Local civil and religious leaders meet to discuss racism

FRESNO, Calif.

They believe the Florida teen was targeted and killed because of his race.

A news conference was organized in light of what one pastor says is a dangerous undercurrent of racism and potential violence that has spiked since Zimmerman's not-guilty verdict last Saturday. The pastor also said he is seeing it all over social media and in Valley communities.

Saturday many Valley residents are siding with the president in calling out existing racism. They are doing so in a march smaller than most we have seen this week.

The group met at Saint Rest Baptist Church in Southwest in Fresno, and took its message of unity and peace to what many call Fresno's troubled streets.

The group of individuals walked to remember Florida teenager Trayvon Martin, who was shot and killed last year by George Zimmerman. The former neighborhood watch captain was acquitted one week ago on Saturday.

"We may not agree with the verdict, but we agree that we are all brothers and sisters together. And what happened to a young 17-year-old young man we declare that we do not ever want happen again," said DJ Criner, Saint Rest Baptist Church Pastor.

"Even in this 'post racial' era we clearly still living in a day and age where our criminal justice system and society in general has two separate tracks based on the color of our skin," said Andy Levine from Faith in Community.

In New York City Trayvon Martin's Mother, Sybrina Fulton, walked with thousands of people. She was side by side with music mega stars Beyonce and Jay Z.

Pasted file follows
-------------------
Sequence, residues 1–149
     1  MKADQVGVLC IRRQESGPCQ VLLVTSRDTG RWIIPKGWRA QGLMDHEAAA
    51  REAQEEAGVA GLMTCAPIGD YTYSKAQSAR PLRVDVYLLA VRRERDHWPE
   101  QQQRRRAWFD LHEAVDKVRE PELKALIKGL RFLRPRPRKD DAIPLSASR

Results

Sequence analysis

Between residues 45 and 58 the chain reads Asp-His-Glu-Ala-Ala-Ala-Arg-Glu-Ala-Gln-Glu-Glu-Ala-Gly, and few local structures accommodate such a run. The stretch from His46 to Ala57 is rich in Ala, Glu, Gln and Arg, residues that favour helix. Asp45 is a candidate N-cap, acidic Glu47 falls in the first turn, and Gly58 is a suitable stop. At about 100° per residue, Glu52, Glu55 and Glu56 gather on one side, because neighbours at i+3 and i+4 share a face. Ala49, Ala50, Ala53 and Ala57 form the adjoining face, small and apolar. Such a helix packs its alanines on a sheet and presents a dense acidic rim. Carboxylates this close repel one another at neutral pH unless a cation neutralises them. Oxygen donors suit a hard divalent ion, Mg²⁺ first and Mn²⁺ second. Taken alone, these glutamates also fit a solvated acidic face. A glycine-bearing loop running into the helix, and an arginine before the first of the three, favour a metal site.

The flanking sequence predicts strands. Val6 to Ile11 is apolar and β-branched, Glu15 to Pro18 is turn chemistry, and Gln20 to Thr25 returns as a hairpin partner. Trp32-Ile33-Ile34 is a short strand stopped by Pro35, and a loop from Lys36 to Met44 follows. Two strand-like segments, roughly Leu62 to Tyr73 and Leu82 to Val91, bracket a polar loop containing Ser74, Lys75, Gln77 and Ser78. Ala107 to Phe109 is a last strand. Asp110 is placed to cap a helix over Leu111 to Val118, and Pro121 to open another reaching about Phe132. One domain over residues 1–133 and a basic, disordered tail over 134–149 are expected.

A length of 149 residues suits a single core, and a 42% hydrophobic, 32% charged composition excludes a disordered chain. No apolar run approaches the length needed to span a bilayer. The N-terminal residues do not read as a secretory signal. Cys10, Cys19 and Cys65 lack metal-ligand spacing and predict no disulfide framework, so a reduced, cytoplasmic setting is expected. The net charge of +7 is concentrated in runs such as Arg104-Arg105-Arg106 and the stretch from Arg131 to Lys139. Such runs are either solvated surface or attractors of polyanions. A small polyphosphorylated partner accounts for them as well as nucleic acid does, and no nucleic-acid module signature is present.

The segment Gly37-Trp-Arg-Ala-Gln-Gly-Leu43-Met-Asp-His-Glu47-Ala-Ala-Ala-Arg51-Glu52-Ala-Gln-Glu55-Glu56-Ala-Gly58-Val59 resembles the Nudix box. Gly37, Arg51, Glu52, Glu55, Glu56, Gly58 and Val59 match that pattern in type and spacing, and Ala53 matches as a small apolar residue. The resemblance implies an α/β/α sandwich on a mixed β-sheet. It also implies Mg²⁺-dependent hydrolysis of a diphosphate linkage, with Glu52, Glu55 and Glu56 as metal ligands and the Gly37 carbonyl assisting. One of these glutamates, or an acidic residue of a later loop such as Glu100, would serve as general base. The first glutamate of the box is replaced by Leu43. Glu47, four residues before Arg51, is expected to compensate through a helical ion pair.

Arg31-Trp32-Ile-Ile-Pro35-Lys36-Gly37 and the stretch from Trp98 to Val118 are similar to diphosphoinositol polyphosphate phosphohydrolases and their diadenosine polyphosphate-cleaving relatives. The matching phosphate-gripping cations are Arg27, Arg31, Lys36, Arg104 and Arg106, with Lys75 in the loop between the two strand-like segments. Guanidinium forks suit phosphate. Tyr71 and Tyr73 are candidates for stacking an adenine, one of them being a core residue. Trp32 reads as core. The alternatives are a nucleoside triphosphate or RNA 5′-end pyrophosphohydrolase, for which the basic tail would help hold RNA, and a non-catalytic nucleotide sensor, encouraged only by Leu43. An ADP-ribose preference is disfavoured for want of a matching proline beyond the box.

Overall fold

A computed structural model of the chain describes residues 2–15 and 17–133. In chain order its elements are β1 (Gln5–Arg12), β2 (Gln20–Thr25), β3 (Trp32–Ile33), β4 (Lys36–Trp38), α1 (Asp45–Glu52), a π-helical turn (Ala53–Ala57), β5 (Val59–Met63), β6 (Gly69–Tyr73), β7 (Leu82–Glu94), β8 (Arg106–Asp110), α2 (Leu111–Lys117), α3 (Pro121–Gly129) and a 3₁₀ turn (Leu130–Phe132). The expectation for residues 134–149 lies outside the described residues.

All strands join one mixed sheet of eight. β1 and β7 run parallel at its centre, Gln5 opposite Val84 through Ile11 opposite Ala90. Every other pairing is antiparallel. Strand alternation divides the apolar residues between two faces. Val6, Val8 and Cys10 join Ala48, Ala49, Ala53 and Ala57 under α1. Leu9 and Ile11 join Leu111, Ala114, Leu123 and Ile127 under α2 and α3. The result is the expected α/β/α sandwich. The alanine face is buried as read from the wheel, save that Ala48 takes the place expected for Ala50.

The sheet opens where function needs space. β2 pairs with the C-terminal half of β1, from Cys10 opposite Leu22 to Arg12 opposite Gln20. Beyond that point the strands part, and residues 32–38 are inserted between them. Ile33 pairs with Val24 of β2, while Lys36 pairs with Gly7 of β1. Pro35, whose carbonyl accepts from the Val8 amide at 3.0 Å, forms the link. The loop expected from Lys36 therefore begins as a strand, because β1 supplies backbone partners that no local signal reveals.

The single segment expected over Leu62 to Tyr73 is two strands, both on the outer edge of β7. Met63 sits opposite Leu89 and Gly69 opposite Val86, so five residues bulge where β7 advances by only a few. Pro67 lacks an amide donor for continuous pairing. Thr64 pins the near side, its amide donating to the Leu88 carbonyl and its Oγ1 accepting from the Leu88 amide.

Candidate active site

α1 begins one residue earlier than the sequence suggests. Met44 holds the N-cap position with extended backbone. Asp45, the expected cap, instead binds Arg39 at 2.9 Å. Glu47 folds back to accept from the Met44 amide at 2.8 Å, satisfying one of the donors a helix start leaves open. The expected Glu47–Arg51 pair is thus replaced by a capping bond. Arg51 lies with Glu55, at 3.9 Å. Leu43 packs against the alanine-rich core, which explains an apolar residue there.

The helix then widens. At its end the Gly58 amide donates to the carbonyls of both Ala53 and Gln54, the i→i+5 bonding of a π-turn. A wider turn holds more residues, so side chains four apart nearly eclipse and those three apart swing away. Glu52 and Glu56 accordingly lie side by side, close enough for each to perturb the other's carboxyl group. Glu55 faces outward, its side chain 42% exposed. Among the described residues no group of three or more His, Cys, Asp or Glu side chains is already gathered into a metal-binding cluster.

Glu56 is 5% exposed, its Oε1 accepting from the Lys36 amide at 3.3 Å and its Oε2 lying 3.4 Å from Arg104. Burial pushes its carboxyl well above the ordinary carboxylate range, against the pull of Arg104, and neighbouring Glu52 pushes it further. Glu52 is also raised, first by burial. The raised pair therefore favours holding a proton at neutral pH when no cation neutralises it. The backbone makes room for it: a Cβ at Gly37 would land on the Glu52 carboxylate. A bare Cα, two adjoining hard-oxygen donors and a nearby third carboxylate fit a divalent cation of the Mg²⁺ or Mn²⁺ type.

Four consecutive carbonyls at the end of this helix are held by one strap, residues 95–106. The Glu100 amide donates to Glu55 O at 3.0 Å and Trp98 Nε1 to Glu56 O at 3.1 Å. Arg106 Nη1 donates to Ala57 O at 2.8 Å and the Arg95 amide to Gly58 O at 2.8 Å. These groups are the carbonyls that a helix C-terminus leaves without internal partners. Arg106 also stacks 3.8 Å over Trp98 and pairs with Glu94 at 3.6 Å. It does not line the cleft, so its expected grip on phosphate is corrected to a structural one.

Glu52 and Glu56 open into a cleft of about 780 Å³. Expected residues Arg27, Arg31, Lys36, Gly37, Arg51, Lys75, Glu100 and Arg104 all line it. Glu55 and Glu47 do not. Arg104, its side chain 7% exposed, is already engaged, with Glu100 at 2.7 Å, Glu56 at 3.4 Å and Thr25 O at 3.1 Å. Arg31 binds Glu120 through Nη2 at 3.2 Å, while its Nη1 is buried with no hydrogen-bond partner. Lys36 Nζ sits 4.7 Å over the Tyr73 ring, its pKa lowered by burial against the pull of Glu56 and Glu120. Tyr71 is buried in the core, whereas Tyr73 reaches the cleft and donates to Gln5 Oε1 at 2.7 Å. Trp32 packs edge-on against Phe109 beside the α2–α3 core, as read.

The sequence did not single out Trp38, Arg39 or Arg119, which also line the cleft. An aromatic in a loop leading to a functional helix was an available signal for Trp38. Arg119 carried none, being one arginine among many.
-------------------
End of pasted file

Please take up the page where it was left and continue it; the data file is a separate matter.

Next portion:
Most people in the rallies want to see Zimmerman brought up on civil rights violation charges. They also want to see self-defense laws redefined.

"Our struggle is not over in Florida and our struggle is not over in Fresno," said Oliver Baines a Fresno City Councilman.

Baines weighed in on racism in the Valley, citing his district in Southwest Fresno as underserved by the city because of its racial makeup.

"So for this conversation go farther than being simply people being angry with one another. We're going to have to be able to look one another in the eye, form relationships, to get to know each other well enough to talk about the hard things," said Natalie Chamberlain Pastor with the Disciples of Christ.

As for the Zimmerman case, his attorney said Saturday connecting racial inequality to the trial and verdict just creates more division and less conversation.

The justice department still has an open civil rights investigation into Trayvon Martin's death.

Copyright © 2021 KFSN-TV. All Rights Reserved.